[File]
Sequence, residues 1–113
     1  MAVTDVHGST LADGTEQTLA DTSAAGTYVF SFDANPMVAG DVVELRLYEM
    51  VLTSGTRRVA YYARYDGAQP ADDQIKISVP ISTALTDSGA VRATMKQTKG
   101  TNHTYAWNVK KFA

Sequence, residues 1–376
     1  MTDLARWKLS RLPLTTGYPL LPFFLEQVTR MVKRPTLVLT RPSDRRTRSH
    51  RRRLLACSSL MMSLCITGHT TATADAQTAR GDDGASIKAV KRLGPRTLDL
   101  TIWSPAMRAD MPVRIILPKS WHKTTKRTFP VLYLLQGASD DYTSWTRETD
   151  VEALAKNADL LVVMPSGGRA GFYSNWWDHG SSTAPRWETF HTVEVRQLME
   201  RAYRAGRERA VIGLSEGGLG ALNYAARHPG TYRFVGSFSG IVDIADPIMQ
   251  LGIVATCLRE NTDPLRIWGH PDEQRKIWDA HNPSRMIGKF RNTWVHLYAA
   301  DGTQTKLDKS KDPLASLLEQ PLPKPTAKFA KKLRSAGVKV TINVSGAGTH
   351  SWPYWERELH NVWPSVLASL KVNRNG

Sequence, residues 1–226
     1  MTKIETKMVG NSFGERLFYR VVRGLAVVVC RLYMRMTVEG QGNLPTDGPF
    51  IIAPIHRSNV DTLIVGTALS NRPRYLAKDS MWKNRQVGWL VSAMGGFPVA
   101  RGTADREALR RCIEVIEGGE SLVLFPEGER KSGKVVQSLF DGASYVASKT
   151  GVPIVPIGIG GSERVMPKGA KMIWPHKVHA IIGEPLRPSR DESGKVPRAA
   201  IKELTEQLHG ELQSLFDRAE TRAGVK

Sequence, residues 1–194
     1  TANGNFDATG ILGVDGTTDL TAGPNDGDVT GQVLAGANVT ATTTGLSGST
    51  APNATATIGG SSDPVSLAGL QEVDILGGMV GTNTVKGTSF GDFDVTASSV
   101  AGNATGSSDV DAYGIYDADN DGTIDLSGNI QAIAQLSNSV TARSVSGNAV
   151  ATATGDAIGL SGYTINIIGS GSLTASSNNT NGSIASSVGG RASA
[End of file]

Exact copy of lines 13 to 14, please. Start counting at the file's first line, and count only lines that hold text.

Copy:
   351  SWPYWERELH NVWPSVLASL KVNRNG

Sequence, residues 1–226